School of Computing
Department of Computer Science
CS5344: Big Data Analytics
Objectives] [Lecture Schedule]
and Materials] [Assignment
(Hadoop Labs & Gradiance] [Project] [Assessment]
For the readings, we will
denote the book Mining of Massive Datasets as MMD, and the data mining
reference text as DM. For topics covered in MMD, we have used the slides
provided by the authors (with minor modifications).
Week 1 – 15 Jan 2016
& Overview [slides]
· This lecture will give an introduction to Big Data
Analytics Technology, followed by an overview of the module.
Week 2 – 22 Jan 2016
· Basics of Hadoop and MapReduce [slides]
· This lecture will give a quick overview of
· Reading: MMD Chapter 2: Large-Scale File Systems
Week 3 – 29 Jan 2016
· Don’t they look the same? [slides]
· One of the common tasks in analytics is to
find objects that look alike. In forensic text analysis, e.g., plagiarism
detection, two documents that share significant overlapping textual content
implies one is likely to have copied or derived from the other. In online
retailing, a user is always bombarded with recommended items, e.g., if you are
browsing for a book on Big Data Analytics, then you are likely to find books
with titles containing keywords “Big Data”, “Analytics” being recommended. This lecture will look at some methods for
similar item detection.
· Reading: MMD Chapter 3: Finding Similar Items.
Week 4 – 5 Feb 2016
The human in the Big Data Loop [slides]
Lecture by Professor H.V. Jagadish, University of
we desire to have systems that are fully automatic. However, in dealing with
big data analytic, full automation is not an option. This lecture will explain the importance of
keeping human in the big data loop.
Week 5 – 12 Feb 2016
· What did most people buy, and why? [slides]
· In many applications, it is important to find
objects/events that co-occur, or how occurrences of some objects/events may
influence the occurrences of other objects/events. For example, a supermarket
may be interested to find out items that are frequently purchased in a single
transaction, say diapers and beer. Knowing this, it can deploy clever marketing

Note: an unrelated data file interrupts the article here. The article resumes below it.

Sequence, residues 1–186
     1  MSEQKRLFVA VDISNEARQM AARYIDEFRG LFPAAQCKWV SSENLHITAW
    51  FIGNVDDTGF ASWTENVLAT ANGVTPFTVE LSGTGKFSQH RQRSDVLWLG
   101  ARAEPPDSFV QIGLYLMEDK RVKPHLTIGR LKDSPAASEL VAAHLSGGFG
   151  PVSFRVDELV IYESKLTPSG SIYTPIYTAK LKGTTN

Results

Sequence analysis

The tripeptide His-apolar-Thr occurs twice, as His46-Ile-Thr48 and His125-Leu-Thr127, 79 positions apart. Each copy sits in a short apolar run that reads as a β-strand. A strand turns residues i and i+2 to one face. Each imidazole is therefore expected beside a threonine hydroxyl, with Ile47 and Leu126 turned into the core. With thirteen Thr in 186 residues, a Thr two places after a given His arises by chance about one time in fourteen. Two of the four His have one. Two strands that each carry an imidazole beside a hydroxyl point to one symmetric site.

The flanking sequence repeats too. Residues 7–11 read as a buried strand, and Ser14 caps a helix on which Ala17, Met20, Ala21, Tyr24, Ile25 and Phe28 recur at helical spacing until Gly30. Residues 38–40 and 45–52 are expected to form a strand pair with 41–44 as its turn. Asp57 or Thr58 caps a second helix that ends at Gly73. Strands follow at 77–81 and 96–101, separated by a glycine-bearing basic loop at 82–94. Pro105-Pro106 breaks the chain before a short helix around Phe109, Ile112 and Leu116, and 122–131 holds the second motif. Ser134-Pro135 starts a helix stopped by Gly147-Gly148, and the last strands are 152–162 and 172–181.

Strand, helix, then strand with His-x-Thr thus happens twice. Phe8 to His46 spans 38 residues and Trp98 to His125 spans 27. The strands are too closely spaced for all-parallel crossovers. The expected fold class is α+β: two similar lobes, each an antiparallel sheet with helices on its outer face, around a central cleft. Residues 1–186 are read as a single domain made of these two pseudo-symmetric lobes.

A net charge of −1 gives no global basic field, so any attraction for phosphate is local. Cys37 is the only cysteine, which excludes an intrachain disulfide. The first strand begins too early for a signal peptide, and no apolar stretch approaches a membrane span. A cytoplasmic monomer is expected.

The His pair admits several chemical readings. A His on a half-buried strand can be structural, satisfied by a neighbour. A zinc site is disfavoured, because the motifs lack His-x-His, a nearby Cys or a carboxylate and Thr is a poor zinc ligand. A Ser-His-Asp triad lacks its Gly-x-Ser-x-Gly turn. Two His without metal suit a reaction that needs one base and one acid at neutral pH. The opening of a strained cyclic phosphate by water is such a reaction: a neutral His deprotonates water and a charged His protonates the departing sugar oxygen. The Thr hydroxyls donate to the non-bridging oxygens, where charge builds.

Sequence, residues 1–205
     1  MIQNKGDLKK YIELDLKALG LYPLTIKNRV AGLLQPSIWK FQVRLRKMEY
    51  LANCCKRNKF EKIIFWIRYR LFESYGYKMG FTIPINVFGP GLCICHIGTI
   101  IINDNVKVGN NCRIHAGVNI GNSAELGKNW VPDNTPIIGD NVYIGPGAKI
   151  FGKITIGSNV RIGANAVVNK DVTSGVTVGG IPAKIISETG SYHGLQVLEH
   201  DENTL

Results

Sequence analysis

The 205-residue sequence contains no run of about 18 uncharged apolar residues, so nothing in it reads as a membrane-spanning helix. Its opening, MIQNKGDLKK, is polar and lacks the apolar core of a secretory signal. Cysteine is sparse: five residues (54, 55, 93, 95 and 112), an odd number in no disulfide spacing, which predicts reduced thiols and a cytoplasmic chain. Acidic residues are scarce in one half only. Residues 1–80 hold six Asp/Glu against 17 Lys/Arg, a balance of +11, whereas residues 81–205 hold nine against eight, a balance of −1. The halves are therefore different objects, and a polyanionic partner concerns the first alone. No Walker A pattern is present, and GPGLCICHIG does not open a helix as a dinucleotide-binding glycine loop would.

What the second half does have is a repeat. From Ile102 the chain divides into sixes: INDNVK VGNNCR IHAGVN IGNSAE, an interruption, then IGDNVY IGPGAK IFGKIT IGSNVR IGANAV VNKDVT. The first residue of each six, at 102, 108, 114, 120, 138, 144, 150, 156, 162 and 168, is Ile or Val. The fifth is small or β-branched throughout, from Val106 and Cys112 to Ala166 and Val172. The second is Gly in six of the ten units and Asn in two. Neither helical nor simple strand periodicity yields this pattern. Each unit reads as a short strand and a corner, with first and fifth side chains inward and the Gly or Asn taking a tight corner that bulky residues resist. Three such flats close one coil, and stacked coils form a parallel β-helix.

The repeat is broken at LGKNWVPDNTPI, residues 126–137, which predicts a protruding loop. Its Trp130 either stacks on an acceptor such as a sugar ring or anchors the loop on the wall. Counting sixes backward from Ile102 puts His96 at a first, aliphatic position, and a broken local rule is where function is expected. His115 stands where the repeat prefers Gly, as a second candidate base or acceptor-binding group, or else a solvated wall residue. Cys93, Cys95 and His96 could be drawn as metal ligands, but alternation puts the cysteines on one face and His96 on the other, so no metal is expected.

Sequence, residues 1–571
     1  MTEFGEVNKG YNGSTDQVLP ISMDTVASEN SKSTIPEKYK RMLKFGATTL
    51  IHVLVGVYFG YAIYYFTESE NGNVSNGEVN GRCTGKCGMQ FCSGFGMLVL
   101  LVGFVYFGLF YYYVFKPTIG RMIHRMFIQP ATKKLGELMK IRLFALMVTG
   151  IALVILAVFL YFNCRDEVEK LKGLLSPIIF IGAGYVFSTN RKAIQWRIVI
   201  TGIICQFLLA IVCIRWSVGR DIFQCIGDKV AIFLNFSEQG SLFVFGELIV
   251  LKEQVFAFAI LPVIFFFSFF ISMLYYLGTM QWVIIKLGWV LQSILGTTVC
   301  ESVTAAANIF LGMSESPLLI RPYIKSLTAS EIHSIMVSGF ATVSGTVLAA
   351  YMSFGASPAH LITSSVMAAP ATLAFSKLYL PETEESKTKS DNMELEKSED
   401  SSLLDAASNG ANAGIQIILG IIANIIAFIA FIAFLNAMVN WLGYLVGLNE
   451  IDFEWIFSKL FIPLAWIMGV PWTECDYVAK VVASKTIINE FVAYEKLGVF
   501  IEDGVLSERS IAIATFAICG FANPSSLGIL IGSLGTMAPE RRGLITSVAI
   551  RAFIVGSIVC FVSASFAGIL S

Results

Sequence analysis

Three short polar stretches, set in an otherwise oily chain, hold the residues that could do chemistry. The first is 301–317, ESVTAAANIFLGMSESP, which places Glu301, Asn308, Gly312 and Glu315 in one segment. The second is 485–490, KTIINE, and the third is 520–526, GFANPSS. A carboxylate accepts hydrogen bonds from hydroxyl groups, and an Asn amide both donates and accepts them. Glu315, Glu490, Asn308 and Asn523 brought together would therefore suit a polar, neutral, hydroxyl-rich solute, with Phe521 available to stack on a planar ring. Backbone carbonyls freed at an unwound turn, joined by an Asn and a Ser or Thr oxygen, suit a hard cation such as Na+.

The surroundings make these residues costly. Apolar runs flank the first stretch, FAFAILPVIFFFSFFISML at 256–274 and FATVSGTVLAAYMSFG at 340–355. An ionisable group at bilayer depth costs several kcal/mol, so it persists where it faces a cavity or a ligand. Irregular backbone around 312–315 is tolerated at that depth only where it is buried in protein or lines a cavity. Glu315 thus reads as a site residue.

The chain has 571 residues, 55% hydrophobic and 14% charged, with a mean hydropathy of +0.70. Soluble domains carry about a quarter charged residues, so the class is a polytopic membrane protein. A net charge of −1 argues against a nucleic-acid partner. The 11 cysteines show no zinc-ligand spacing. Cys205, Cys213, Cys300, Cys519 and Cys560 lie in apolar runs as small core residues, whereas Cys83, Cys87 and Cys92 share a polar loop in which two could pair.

strategy to increase its profit margin, say give a discount on diapers, but
raises the price of beer. It is also interesting to figure out why people buy
these items together – if they buy diapers, it means they have young children,
which means they are likely to be “grounded” at home to look after them, and as
such they may be bored and ended up drinking to pass their time (and watching
TV) … This lecture will look at methods to figure out such “frequent itemsets” and the corresponding “association rules”. While
we will not talk much about “why”, it is important to understand the reasons
for such co-occurrences for the answers to be meaningful.
· Reading: MMD Chapter 6: Frequent Itemsets.
Week 6 – 19 Feb 2016
this week, there will be a 45 min to 1 hour test, followed by an hour of
· Is BIG necessarily better? [slides]
· This lecture will illustrate with real examples
that having more (big) data does not necessarily lead to better analytics
(discovery). In fact, it is important to be able to know what you are looking
for, to ask the right questions, and to use the right tools.
A short article
on the subject. See another article on Google Flu
Week 7 – 26 Feb 2016
Week. No lecture.
Week 8 – 4 Mar 2016
· What should we recommend? [slides]
· Recommendation systems are common today. This
lecture details some of the methods used in recommendation systems.
· Reading: MMD Chapter 9: Recommendation
on The Long Tail
9 – 11 Mar 2016
MapReduce all that we have? [slides]
· This lecture will look at what is beyond
MapReduce. In particular, we will examine other alternative BIG data
technologies, e.g., NoSQL, Hive, PIG, etc. In addition, we will also look at limitations
Week 10 – 18 Mar 2016
· Who is
the authority in the Internet? [slides]
is a widely used representation for social networks, internet, web pages, and
so on. It is thus important to be able to analyze graphs efficiently. For
example, in social networks, it may be useful to know the hub nodes (e.g.,
person who has authority or influence over others). This lecture will study
algorithms for such analysis.
MMD Chapter 5: Link Analysis
Week 11 – 25 Mar 2016
Friday. No lecture.
12 – 1 Apr 2016
many groups do we have? Which group do you belong to? [slides]
· Very often, we need to segment the data into
groups. For example, in business, it makes sense to organize your customers
into groups, perhaps with different needs. In this way, each individual can be
targeted more effectively. For social networks, it may also be useful to figure
out the community within the network. We will study cluster analysis for both
structured and graph data.
· Reading: MMD Chapter 7: Clustering; Chapter
10: Analysis of Social Networks; The DBSCAN algorithm can be found downloaded
- this paper received the most impactful paper award in KDD'2014.
Week 13 – 8 Apr 2016
· A picture is worth a thousand
· Guest lecture by Dr Zhao Shengdong, Department of Computer Science, School of
· An important aspect of big data is the presentation
of the answers. This lecture will look review information visualization as a
tool that can facilitate presentation that is more appealing to end-users.
Week 14 – 15 Apr 2016
this week, there will be a 45-min to 1-hour test, followed by a 1-hour lecture.
· How am I going to browse through all these? [slides]
· Very often, users may not know what they want.
They may simply try “looking” at the data. However, such “exploration” tasks
have to be done in real-time as the users are not going to sit around for an
hour to see some preliminary results.
This lecture will investigate methods for “real-time data exploration”.